Roxanne, Roxanne, the Roxanne Shante biopic on Netflix, is being celebrated as one of the most powerful hip-hop related films since the Michel'le Lifetime movie. It would have been an even better movie, for me personally, if it told the truth.
Conspicuous in its absence is any mention of the time she lied about having a Ph.D from Cornell (the late, great Combat Jack's alma mater), which her label, Warner Music, was forced to pay for, to the tune of something ridonkulous like $200,000, thanks to some hidden codicil in her contract.
It doesn't make sense to me that they wouldn't include that, given that it's the second most interesting thing she ever did, after "Roxanne's Revenge." Certainly, they could have wedged it in somewhere between the 90 minutes or so of her being mistreated by a series of conspicuously dark-skinted guys.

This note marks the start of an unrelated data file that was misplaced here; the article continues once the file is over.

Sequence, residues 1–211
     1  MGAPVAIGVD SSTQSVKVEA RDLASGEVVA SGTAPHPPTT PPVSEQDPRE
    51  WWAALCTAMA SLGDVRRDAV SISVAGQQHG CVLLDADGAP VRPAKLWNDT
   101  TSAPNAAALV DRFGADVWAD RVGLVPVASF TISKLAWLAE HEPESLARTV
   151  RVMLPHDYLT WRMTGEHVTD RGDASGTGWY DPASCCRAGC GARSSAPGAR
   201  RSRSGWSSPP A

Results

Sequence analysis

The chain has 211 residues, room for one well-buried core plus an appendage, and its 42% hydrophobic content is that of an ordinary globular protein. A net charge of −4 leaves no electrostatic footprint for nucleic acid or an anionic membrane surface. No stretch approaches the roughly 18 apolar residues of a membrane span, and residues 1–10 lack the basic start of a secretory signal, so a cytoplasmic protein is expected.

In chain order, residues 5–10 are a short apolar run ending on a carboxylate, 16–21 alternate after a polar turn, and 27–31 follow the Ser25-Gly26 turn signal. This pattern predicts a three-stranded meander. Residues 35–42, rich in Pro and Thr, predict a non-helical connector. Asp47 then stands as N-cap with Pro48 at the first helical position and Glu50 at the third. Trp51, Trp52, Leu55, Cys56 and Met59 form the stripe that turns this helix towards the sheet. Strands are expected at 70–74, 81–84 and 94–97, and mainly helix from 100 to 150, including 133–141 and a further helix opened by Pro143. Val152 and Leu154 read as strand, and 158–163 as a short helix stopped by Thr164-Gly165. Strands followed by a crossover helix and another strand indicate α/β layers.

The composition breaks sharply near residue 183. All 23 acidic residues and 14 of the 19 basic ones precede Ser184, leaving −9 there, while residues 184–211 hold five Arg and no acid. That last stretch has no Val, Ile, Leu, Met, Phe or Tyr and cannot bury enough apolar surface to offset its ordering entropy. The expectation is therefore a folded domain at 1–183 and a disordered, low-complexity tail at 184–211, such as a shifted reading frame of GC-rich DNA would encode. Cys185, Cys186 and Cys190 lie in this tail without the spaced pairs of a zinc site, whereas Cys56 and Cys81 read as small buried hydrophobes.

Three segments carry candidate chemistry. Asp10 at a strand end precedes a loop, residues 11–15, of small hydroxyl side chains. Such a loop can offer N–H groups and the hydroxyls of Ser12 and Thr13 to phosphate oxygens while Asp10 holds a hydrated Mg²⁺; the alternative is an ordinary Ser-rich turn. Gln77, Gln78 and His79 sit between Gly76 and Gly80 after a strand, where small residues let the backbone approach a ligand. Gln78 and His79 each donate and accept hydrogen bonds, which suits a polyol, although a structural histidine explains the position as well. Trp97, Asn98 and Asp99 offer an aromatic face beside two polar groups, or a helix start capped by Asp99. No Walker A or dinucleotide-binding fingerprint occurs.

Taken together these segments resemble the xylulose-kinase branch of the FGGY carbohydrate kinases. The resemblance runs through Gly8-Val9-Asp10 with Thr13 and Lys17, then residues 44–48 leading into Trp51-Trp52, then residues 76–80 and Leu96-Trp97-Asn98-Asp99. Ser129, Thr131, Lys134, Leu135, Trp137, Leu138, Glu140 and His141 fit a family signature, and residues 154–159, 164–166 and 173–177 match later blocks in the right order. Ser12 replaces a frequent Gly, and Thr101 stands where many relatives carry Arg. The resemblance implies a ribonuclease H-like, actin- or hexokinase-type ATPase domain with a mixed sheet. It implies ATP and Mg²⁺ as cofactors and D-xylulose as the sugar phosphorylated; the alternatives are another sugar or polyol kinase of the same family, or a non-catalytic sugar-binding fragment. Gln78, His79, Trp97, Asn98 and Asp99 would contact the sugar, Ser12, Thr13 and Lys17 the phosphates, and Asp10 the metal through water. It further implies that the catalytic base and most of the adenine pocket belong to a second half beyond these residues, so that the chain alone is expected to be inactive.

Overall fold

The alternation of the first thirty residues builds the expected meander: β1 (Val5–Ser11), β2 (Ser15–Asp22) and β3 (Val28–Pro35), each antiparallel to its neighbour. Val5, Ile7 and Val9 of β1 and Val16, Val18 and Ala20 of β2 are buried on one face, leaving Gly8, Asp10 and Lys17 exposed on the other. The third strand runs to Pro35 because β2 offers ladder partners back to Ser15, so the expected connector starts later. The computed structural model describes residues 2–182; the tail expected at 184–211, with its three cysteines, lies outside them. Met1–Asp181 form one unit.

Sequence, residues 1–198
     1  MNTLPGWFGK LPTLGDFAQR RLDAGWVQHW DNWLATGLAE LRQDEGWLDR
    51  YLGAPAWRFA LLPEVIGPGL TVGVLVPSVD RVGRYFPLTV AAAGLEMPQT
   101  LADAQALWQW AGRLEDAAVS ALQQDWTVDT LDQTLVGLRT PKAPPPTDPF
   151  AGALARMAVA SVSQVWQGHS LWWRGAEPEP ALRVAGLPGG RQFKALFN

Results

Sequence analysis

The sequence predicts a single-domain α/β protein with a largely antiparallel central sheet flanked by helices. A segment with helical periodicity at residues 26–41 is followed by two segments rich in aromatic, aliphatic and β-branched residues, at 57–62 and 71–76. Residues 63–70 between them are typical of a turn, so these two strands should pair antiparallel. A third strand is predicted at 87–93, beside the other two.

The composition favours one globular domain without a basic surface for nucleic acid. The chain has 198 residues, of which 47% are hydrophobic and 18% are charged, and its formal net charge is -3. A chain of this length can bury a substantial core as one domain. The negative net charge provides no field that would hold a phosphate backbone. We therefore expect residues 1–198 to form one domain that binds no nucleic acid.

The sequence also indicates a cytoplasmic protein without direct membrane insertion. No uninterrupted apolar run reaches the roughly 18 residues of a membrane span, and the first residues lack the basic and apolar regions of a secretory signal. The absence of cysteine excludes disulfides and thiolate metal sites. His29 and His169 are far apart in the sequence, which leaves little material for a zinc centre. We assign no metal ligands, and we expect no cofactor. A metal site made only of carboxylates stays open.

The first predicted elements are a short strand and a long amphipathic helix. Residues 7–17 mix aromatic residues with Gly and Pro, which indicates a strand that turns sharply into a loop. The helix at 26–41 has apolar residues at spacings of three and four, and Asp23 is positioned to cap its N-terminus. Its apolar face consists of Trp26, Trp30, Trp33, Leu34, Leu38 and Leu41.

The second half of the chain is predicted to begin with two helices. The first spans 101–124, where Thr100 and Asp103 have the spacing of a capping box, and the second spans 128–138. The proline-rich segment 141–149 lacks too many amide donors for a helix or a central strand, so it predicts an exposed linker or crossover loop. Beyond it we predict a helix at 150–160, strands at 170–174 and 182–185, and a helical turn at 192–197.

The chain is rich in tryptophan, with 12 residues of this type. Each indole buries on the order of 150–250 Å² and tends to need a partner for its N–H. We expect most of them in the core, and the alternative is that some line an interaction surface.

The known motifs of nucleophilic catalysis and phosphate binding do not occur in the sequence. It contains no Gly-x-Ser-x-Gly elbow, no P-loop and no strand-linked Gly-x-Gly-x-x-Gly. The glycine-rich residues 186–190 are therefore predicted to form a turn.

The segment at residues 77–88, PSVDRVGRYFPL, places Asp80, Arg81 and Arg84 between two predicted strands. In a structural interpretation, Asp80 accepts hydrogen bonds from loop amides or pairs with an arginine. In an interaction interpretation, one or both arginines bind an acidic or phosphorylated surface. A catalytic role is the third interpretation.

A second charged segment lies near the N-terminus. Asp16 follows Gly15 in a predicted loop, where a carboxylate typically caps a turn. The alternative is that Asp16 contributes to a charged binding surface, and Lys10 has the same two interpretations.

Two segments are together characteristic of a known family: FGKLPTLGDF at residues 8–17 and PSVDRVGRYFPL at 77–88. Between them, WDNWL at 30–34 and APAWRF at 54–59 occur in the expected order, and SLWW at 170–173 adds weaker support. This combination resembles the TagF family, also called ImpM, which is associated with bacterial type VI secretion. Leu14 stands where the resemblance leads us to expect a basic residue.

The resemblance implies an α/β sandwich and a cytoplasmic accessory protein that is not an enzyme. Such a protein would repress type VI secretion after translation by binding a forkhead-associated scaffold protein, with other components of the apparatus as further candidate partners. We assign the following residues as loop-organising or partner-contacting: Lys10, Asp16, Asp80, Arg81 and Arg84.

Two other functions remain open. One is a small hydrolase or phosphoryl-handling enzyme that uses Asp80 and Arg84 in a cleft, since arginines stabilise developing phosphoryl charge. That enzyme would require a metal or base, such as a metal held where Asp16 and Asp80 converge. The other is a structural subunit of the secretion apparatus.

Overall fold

Arguably, that should have been the focus of the entire movie.
Instead, the movie is like 5% her rap career and 95% the abuse she supposedly suffered at the hands of her father(?), her baby's father, Marley Marl, Fly Ty(?), so on and so forth, all of whom I'm sure would have appreciated some acknowledgement of the fact that Roxanne Shante isn't exactly a reliable narrator.